The Protagonist Problem

I’m in the process of starting to write a new novel. Which is exciting, and also nerve-wracking, because I haven’t written a new novel in several years. After my previous novels failed to find publishers, I decided to concentrate on short fiction for a while. Which has been fun, but my brain is itching to write something long-form. Something with chapters and multiple point-of-view characters. Something with lots of world-building and character arcs and all that juicy stuff. Something I can really get lost in the writing of, for months.

No sooner have I started, though, than I’ve encountered a problem. The Protagonist Problem. There’s been a common thread in the rejections I’ve received from publishers, and the notes I got back from my erstwhile agent. My protagonists, I am told, aren’t protaggy enough. They need to be out there, doing more protagonising. Having more agency. Making more choices. All that stuff. I have a tendency to write main characters who are passive and mopey and don’t actually *do* anything. Stuff just… kind of happens to them.

And… now I’m doing it again. I’ve started writing a book with protagonists who aren’t doing all that much protagonising. More… sitting around moping and drinking tea and waiting for someone else to tell them what to do.

So. What am I going to do about my Protagonist Problem?

Well, part of me rejects this whole notion that protagonists need to be All Action, All The Time. Isn’t that all a bit Western-centric, patriarchal, white supremacist? After all, for anyone who is marginalized in some way – ie the vast majority of people in the world – agency is in short supply. Choices are constrained. And even if you’re in a relatively privileged position, you’re still subject to the whims of fate. Real life is less about going out there and making stuff happen, and more about dealing with the stuff that happens to you.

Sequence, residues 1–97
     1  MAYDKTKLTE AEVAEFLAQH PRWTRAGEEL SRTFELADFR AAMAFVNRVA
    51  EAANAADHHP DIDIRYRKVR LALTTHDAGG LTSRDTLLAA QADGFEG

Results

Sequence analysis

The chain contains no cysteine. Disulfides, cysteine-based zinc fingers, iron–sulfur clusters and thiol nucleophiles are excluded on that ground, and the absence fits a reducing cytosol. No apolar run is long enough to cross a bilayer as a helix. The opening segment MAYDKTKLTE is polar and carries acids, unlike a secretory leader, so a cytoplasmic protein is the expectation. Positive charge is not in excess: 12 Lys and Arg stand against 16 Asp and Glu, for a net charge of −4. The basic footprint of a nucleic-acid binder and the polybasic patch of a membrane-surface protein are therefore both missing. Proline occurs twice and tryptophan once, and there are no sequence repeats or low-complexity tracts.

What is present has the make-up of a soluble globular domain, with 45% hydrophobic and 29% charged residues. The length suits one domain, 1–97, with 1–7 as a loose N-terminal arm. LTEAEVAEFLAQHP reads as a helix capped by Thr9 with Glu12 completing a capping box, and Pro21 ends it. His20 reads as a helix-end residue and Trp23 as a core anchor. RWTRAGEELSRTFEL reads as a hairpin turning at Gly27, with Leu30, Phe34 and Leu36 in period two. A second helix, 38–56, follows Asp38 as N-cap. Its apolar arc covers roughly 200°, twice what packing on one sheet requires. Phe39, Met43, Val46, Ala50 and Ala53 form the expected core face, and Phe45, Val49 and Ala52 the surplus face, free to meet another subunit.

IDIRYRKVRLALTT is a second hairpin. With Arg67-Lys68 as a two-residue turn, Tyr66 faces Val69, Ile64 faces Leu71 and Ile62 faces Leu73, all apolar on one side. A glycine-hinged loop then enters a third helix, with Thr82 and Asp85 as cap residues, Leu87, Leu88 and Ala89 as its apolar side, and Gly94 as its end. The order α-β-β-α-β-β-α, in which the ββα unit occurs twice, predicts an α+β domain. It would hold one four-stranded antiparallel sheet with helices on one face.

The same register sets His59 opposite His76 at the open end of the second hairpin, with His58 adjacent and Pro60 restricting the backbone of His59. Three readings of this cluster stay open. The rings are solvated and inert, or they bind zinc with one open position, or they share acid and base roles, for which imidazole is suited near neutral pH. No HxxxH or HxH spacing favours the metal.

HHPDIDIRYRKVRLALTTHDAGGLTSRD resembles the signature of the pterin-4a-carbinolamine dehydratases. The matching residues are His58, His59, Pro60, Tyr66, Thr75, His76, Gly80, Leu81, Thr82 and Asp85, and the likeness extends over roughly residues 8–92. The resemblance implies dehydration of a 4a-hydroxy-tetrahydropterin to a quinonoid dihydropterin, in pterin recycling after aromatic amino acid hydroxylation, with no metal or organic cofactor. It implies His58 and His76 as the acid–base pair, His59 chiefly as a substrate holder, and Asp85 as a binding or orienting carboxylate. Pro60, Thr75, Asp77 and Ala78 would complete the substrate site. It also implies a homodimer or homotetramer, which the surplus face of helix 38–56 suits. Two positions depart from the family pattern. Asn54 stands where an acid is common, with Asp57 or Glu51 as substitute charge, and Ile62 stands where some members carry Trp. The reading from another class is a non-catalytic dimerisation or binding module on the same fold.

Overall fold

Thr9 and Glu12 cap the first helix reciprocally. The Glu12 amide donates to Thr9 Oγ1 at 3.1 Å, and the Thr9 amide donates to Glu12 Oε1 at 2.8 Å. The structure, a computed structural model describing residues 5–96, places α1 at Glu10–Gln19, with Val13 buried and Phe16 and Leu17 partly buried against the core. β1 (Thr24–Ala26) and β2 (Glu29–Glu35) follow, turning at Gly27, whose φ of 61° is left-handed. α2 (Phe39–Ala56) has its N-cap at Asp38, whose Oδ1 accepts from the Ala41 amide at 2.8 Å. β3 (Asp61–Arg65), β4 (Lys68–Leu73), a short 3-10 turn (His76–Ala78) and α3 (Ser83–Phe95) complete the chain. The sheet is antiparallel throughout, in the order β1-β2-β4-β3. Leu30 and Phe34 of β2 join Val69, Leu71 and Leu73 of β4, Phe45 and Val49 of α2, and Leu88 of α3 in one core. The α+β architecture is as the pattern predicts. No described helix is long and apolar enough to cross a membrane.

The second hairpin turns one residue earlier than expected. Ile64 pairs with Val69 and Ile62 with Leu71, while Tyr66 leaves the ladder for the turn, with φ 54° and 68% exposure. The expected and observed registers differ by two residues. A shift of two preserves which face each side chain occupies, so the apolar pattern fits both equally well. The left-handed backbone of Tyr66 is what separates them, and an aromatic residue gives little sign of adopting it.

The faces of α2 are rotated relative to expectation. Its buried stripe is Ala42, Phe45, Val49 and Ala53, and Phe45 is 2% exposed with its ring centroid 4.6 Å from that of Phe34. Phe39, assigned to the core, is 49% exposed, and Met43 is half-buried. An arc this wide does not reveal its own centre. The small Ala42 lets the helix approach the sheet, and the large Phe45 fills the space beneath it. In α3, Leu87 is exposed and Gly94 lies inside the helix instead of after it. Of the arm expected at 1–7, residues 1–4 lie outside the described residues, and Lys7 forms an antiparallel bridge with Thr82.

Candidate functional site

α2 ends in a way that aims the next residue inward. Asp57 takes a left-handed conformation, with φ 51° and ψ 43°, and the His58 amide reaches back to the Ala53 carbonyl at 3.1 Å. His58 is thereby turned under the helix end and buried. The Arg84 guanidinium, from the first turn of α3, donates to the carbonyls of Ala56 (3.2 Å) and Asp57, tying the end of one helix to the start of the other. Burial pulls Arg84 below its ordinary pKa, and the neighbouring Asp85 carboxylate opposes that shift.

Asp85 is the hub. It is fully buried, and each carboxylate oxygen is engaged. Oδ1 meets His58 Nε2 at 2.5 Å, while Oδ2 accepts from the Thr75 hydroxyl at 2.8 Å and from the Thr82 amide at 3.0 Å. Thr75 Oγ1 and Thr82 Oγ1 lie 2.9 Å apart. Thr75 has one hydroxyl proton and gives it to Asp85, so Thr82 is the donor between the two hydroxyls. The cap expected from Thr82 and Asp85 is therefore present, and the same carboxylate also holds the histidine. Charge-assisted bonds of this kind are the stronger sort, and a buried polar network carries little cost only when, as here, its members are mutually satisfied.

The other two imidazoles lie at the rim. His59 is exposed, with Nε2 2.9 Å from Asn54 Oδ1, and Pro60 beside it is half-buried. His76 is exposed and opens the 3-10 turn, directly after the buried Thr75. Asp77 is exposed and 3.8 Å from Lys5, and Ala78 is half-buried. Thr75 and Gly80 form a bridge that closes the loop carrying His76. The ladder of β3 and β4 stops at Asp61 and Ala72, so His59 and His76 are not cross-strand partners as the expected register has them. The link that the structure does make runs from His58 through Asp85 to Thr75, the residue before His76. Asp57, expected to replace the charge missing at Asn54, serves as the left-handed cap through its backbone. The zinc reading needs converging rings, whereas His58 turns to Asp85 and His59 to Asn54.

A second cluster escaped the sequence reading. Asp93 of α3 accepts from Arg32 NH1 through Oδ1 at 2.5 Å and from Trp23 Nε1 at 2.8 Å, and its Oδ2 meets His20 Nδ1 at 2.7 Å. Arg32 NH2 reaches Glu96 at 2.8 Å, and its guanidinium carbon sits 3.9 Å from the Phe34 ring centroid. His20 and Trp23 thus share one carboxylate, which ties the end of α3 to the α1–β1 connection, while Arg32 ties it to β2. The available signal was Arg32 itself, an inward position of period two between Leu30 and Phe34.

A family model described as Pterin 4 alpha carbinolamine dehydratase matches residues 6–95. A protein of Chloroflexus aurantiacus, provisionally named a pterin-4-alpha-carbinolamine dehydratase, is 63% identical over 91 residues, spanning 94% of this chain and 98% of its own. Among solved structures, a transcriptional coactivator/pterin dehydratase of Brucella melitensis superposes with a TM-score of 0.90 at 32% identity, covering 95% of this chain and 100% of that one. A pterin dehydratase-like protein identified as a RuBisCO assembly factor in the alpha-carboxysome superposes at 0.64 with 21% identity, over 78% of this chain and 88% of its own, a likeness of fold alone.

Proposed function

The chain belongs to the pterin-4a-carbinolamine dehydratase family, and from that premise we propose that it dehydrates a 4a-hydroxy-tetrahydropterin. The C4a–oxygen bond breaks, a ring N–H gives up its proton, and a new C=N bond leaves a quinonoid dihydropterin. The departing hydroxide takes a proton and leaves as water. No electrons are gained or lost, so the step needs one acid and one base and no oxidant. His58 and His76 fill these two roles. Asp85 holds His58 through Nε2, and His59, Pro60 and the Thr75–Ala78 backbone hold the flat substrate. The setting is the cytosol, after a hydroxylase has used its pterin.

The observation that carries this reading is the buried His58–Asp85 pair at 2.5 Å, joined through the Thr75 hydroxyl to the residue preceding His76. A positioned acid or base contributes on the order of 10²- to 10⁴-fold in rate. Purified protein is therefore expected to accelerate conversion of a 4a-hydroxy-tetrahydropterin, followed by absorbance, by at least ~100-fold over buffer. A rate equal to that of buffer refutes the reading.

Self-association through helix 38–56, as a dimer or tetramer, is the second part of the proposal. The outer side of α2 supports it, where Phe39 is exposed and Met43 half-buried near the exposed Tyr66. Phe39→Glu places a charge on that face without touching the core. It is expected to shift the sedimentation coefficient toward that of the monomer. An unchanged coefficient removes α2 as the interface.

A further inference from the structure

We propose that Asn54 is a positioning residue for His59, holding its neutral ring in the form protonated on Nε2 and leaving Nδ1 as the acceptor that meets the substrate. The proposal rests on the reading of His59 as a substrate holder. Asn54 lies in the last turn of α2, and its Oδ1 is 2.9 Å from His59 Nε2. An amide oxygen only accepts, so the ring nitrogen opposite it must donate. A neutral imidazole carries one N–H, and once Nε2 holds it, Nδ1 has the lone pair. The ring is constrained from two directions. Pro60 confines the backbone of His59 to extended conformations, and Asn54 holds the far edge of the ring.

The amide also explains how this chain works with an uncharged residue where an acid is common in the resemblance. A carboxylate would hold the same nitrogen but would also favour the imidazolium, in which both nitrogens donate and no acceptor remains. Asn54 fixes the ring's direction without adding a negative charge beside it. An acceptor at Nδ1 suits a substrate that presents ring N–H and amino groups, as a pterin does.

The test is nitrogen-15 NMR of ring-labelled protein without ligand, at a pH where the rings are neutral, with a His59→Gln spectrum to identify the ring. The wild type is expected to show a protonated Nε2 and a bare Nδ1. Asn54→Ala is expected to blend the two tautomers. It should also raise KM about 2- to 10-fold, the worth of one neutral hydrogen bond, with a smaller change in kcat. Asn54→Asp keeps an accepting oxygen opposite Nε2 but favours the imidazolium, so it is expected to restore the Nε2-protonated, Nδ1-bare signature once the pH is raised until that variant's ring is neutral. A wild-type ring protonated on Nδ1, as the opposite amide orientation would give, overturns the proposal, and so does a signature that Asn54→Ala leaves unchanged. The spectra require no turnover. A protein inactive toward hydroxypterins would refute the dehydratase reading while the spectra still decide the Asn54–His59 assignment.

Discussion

One of the things that’s happened to me is that I’ve been burned by the publishing industry. I’ve spent lots of time trying to write books which were supposed to be commercially viable, compromising my artistic vision and my enjoyment of my own writing process in an attempt to produce something publishable. And then I still got rejected.

So what I’m trying to do now is to write something purely for the joy of getting lost in a world of my own creation, without compromise and without concern for what anyone might think of the finished product. So what if my main characters are mopey? Maybe I like them that way.

All that being said…

I have identified, at an early stage, an issue with my writing that I have repeatedly been told makes my books less compelling to read. And I would quite like, actually, to produce a book that’s not just fun to write but also fun to read. Perhaps I should at least consider The Protagonist Problem from all angles. Perhaps I should have a think if there are any tweaks I can make to the story. Perhaps it’s possible to make my main characters more pro-active without making them completely unrecognizable as the people who’ve been living in my head rent-free.

Well, it turns out it didn’t take a huge amount of thought about my plot outline to identify a few crucial moments where my characters could be making more deliberate choices rather than simply doing what they’re told. So… I guess I’m in the process of trying to resolve my Protagonist Problem? I don’t know how successful I’m going to be, but that’s all part of the ongoing process of discovery and delight that is writing a novel.